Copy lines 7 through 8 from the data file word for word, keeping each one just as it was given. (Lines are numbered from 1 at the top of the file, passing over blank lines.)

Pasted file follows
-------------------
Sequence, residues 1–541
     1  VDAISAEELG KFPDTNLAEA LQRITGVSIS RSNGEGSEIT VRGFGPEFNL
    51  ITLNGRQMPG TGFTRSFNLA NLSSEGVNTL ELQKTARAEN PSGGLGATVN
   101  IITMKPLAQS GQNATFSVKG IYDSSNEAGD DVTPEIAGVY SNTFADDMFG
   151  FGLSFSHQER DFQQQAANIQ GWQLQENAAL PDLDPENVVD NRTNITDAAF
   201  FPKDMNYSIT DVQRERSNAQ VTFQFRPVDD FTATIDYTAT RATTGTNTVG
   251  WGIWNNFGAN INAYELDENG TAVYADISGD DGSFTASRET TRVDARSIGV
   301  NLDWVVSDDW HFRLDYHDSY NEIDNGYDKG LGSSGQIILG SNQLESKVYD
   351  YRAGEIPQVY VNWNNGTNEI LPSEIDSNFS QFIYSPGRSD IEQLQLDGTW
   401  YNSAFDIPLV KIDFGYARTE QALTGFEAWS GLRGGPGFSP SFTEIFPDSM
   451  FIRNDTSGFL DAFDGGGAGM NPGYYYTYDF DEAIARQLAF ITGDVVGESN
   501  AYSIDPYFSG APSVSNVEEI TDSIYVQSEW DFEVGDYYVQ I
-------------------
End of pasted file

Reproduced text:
   251  WGIWNNFGAN INAYELDENG TAVYADISGD DGSFTASRET TRVDARSIGV
   301  NLDWVVSDDW HFRLDYHDSY NEIDNGYDKG LGSSGQIILG SNQLESKVYD